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holding alarm clock to invoice on time

Avoiding Project Failure: Invoicing on Time

Eddie Carrillo
Eddie Carrillo

While it may not be the first thing that comes to mind when trying to stay organized as a freelancer or business owner, invoicing on time is a key component of effectively managing your business and maintaining strong client relationships.

As humans, we often overthink the small things—like when to invoice. Should I wait a few days before sending it? Should I send it with the completed project? Are Tuesdays better than Wednesdays?

But it’s important to remember that you have the right to get paid for your work. It’s possible that your client has a methodology they prefer when it comes to billing. However, make sure you have this conversation early on so as to avoid headaches when the time comes to receive payment. Waiting too long to charge a client can potentially lead to misunderstandings, confusion, and a ding to your reputation. So how do we avoid this?

Strategies for overcoming common doubts and questions about invoicing on time

Let’s go over some questions that freelancers deal with when invoicing, and how to navigate potential solutions.

Is one day better than another for sending an invoice?

No. I remember once debating if I should send an invoice on a Friday or wait until Monday. My thought process was that it might be annoying for my client to receive an invoice right before her weekend. But this was a classic case of overthinking. When sending an invoice, the day is not important. What’s important is having communicated with your client what works for you both.       

Should I wait for the client to bring it up?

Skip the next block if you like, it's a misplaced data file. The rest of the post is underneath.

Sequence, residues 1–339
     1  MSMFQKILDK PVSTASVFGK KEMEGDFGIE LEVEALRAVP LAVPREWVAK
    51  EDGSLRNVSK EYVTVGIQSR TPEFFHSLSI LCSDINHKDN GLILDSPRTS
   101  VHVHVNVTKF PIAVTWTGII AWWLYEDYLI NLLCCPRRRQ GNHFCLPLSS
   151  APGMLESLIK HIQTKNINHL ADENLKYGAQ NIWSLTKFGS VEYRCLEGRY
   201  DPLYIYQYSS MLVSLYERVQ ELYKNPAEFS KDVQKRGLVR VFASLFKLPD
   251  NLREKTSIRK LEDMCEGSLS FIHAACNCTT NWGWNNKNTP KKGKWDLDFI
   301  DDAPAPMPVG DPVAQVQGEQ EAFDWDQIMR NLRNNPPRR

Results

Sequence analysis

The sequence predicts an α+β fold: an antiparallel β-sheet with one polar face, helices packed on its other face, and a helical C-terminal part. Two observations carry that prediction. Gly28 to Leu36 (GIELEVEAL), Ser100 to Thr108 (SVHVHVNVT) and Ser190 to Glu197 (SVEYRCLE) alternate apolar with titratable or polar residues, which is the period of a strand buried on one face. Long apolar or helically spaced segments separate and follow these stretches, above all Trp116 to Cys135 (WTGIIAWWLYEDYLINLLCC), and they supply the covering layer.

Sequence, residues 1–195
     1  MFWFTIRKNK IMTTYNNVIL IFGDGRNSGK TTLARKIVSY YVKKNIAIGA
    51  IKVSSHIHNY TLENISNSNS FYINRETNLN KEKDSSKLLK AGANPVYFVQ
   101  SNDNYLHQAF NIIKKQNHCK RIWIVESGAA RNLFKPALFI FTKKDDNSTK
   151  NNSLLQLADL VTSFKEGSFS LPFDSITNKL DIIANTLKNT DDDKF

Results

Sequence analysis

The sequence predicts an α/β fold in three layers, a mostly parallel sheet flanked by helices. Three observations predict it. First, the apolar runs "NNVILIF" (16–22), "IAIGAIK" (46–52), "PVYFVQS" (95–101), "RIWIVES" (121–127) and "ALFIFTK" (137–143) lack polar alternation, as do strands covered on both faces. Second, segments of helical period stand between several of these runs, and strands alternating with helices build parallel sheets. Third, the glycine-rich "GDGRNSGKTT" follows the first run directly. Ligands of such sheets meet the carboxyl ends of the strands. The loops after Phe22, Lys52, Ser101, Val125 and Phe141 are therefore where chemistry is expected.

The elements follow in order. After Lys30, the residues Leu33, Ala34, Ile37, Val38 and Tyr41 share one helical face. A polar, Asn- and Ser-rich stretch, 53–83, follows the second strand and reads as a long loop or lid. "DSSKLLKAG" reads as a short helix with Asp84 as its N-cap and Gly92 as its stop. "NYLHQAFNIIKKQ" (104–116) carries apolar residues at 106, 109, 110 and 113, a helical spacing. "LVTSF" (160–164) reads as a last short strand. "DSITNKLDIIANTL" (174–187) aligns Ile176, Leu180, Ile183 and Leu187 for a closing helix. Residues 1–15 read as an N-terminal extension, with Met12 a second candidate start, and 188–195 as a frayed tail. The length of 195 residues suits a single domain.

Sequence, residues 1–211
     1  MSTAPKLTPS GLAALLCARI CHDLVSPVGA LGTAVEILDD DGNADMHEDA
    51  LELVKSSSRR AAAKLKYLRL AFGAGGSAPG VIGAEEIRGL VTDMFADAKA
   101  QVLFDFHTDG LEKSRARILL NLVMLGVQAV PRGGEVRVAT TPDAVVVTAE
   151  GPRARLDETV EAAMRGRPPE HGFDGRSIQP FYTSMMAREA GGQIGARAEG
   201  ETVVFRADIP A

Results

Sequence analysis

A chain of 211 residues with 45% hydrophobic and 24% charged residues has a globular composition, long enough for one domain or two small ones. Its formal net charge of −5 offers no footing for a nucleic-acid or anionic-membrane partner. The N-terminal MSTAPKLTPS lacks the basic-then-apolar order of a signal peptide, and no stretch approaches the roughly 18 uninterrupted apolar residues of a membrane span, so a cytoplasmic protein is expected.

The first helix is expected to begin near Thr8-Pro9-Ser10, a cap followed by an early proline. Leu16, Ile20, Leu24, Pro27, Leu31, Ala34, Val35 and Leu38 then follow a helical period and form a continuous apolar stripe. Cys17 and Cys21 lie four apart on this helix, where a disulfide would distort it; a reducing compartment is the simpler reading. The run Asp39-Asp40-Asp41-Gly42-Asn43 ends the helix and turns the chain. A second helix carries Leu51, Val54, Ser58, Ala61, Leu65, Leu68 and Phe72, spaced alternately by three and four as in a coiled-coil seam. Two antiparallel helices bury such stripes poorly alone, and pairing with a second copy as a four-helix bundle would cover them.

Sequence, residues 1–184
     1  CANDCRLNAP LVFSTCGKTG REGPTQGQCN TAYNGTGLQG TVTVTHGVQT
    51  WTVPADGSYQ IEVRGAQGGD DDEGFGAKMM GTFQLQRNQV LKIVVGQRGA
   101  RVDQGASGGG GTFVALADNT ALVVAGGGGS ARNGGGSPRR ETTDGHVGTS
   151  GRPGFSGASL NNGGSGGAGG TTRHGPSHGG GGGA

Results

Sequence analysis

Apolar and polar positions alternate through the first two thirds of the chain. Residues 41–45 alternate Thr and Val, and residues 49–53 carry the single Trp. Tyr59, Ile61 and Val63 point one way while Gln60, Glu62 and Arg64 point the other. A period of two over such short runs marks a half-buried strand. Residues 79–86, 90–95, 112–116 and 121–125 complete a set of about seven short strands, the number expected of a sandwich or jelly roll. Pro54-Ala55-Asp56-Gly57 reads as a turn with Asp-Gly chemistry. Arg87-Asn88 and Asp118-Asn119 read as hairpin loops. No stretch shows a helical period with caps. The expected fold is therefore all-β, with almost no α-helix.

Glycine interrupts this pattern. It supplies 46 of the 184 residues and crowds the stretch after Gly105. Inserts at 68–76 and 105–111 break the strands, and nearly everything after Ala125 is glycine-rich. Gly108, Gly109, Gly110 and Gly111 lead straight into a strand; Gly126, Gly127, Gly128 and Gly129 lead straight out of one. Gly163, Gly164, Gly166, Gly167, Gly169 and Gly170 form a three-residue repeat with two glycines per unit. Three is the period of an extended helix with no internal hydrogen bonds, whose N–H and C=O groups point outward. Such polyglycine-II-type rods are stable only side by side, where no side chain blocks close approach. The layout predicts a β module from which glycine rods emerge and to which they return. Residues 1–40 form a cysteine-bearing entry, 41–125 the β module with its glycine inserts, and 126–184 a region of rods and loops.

No. Most clients aren’t going to rush into how and when they can pay you, but if they hired you, they are more than happy to pay you. That’s why you’re there. Bring it up earlier rather than later—this sets you off on a positive, transparent note.

Recommended language:

  • “I generally invoice my clients the same day I deliver the project. This helps me better manage my bookkeeping. Does this work for you?” Using the word “generally” will give you a voice of authority – here, you communicate that you have a standard way of operating with clients but you leave the door open in case they have another way they’d rather pay.

Should I write new invoices for every project?

It depends. If you have a client who gives you repeated monthly work—a “subscription client”—it’s likely more convenient to send bimonthly invoices, like on the 1st and 15th of every month. This way, you charge for any projects delivered in the two weeks prior, and you and your client are constantly on track with the cyclic payments. Just be sure you include each item separately on the invoice so the client knows exactly what they are paying you for. On the other hand, if it’s not a subscription client, it’s best practice to invoice for each individual project.

Bottom Line

When we think of project failure, it’s generally screwing up the content or missing a deadline that comes to mind. But don’t forget that you aren’t doing work for free, and invoicing on time is what will get you paid.

I’ve heard nightmare stories about freelancers who are fearful of approaching their client about invoicing because they’re uncomfortable with discussing money. This leads to worry about their financial situations because they aren’t getting paid as often as they should be.

Talking about money as a freelancer is normal. You’re operating a business, and it’s a part of your job. Engage early in the invoicing conversation with your clients. This will not only help you ensure financial stability, but it will also show your clientele that you’re a confident professional effectively running a valuable business.


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